RV Trip Planning Tools: 7 Routing Resources

It’s a fantastic time to be an RV adventurer! Technology has given us so many great options for mapping out routes, pinpointing fun things to do along the way, and finding and reserving campsites. FMCA makes RV trip planning a breeze!

There’s no better time than now to plan your next road trip. FMCA has gathered a few ideas to help you get started:

RV Trip Planing Resource #1: RV Trip Wizard

Many RVers turn to RV Trip Wizard for their RV trip planning needs. With 17,000 campgrounds and 57,000 points of interest in its database, RV Trip Wizard provides plenty of options along your chosen route. This web-based platform can be used on a desktop computer, smartphone, or tablet. Users pay $39 per year for access to the program.

Other RV Trip Wizard features include a visual trip planner that allows you to see the route you are taking; trip cost estimations, including fuel and campground fees; and the ability to set driving times and distances. Trips can be exported to Google Maps or to your GPS. With RV Park Reviews as a partner, RV Trip Wizard provides users access to feedback from fellow RVers about campgrounds.

#2: Roadtrippers

Roadtrippers.com offers a fun way to plan a trip and locate interesting places along the way. The web-based program is free, but the Roadtrippers Pro version, which offers even more features and options, as well as an ad-free experience, is due to launch in May 2018 and will cost $79 per year. At this writing, though, a special offer of $29 was available on the website.

While planning an excursion via Roadtrippers.com, RVers can search for camping and RV parks; attractions; food and drink; outdoors and recreation opportunities; services such as fuel stops; shopping; sports; entertainment/nightlife; and more.

#3: FMCA Roadside Rescue®

A trip routing service comes with FMCA’s Roadside Rescue® plan. Of course, the key component of this program — offered to FMCA members for just $74 per year — is roadside assistance. The trip routing benefit is icing on the RV cake!

#4: Campground Connection

When exploring campground options, don’t forget about the FMCA Campground Connection, which leads you to FMCA commercial member campgrounds. Many of these campgrounds offer discounts to FMCA families.

#5: Go Camping America

Another campground resource is GoCampingAmerica. This site lists all campgrounds affiliated with ARVC (the National Association of RV Parks and Campgrounds).

#6: Reserve America

Another option for finding and reserving campgrounds, private and public, is ReserveAmerica.com. The website provides access to 290,000 campsites and also offers a camping guide with destination suggestions, tips, recipes, and more.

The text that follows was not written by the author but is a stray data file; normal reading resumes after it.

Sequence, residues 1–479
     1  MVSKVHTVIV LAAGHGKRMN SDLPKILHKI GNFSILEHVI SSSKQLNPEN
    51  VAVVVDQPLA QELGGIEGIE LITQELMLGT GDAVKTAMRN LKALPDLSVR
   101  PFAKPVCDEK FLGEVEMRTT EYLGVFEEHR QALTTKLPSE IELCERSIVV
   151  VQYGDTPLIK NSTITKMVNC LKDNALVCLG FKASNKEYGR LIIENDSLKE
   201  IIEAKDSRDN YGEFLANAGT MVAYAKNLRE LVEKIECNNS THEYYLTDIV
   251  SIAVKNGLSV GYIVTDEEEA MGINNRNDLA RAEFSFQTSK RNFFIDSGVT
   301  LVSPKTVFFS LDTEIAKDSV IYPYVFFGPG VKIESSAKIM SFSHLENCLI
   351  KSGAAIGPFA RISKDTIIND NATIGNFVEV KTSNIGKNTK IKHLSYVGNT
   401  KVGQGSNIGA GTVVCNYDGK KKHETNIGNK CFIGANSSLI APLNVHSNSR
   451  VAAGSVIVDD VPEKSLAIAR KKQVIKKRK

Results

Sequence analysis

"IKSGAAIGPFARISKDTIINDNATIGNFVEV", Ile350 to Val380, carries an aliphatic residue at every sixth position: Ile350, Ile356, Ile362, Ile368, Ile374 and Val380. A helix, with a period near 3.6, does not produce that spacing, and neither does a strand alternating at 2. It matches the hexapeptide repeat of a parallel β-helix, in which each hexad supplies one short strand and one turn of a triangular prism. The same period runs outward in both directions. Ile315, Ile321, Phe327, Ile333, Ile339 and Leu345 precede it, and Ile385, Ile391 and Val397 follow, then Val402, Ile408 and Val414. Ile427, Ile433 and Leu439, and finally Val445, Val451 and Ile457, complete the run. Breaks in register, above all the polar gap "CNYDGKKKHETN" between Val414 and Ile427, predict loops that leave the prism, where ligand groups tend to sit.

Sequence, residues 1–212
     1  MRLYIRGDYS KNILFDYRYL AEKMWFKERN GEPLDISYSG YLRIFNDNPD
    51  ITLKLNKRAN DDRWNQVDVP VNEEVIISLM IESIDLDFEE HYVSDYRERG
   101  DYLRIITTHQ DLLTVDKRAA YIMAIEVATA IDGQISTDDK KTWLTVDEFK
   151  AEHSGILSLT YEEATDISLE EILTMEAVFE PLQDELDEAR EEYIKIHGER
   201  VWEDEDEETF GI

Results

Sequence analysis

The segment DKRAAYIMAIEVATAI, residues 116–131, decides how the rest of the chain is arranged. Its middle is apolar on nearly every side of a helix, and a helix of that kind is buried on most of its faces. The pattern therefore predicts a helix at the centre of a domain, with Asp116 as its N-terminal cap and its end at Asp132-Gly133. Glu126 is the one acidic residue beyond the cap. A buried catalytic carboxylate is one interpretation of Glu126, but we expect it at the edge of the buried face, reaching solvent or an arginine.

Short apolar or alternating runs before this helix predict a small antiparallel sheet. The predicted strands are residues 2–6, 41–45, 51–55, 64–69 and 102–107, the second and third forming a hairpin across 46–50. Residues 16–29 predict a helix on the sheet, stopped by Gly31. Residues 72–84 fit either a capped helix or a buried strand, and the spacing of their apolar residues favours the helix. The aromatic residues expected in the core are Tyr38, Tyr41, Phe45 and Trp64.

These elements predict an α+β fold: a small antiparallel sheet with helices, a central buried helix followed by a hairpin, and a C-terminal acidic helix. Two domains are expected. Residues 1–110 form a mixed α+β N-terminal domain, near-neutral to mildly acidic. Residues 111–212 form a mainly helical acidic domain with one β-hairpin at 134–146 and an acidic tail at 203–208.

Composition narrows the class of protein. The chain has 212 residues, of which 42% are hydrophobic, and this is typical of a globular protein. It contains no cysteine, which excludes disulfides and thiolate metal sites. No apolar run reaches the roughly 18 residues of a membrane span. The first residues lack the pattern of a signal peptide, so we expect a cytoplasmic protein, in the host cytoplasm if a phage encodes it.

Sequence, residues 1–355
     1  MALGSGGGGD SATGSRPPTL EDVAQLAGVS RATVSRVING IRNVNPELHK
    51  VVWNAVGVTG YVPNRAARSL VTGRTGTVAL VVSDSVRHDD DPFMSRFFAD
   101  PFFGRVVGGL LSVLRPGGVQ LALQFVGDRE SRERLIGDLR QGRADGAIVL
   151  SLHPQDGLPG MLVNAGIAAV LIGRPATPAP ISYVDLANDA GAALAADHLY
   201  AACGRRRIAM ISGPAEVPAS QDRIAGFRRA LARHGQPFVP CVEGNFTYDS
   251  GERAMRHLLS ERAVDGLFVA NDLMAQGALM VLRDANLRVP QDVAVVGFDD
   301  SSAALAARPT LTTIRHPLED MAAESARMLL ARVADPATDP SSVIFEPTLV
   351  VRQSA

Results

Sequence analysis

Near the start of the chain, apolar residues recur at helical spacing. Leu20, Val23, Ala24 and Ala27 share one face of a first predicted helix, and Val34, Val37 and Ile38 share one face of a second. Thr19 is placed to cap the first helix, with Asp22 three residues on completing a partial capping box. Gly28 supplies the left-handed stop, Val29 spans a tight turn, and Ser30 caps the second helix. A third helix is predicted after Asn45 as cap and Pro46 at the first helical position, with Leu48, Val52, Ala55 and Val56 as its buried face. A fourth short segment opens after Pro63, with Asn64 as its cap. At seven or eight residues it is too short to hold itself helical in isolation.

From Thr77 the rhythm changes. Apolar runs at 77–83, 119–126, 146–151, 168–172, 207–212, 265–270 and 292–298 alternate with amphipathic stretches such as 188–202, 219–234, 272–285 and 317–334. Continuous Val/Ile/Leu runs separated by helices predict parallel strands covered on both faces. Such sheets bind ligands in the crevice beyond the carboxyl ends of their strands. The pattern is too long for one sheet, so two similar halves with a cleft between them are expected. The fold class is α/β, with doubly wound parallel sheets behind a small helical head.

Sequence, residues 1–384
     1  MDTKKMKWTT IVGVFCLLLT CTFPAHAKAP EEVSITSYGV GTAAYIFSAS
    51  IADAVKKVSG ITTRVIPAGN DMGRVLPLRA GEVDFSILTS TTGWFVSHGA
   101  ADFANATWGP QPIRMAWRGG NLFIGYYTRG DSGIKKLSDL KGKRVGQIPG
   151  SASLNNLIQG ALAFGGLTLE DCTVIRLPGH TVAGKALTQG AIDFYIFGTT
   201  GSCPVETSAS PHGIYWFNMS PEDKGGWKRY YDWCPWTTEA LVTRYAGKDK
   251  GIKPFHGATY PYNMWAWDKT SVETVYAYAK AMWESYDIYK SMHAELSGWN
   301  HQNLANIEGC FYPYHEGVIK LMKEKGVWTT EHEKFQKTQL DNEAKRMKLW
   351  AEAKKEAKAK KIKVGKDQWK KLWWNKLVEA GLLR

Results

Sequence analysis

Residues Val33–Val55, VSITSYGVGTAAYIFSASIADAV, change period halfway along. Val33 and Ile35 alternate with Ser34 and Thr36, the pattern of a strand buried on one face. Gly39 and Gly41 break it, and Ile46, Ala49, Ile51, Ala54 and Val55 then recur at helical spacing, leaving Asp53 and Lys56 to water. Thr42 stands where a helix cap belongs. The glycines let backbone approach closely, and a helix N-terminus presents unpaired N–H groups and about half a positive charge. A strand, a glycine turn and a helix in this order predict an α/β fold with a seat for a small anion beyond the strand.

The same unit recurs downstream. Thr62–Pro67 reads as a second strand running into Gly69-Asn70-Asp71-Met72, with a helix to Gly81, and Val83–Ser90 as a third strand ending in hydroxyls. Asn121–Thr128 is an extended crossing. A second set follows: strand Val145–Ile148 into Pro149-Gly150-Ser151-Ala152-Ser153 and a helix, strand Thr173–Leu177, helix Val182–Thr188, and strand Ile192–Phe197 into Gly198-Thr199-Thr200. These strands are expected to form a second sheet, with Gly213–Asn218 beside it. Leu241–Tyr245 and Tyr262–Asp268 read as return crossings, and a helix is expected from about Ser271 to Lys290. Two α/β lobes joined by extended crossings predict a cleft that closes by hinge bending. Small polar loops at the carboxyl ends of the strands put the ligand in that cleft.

#7: Recreation.gov

At Recreation.gov, RVers can make reservations at 2,500 federal facilities, including U.S. national parks and national forests. Not only that, but the site offers a wealth of information about RV trip planning ideas, destinations, and activities across the United States, and it includes a trip builder feature.

RV trip planning at campground

And all of that’s just the beginning. It seems that sometimes, planning a trip is half the fun!

And we leave you with the wise words of American novelist and poet Jack Kerouac: “There was nowhere to go but everywhere, so just keeping rolling under the stars.”

Planning a big RV trip? Use FMCA’s checklist to ensure your rig is ready to hit the road. 

12 Comments on RV Trip Planning Tools: 7 Routing Resources

  1. Hi , we are FMCA member number F424260. Proud owners of a 2007 Fleetwood Bounder. Following up on trip planning: We are considering buying a GPS system designed for RV’s. Does anyone have suggestion or experience on these rather expensive items. Today, for the first time, I came across an App for iPhone which is supposedly set up for RV’s. Any experience with CoPilot app?



    • We have Garmin RV GPSand we think it’s the best. We bought a Magelin RV GPS and it routed us on a road with 8 1/2 foot tunnels (Saw Mill Parkway NY). When we got back from our trip, it went back. That’s after we set up our RV night to 13.5 ‘ hight and 10 ‘ width. The Garmin is ok but there is no option to put in Propane restrictions so it may rout you thru a tunnel with propane restrictions as in the Baltimore tunnel an Rt. 95.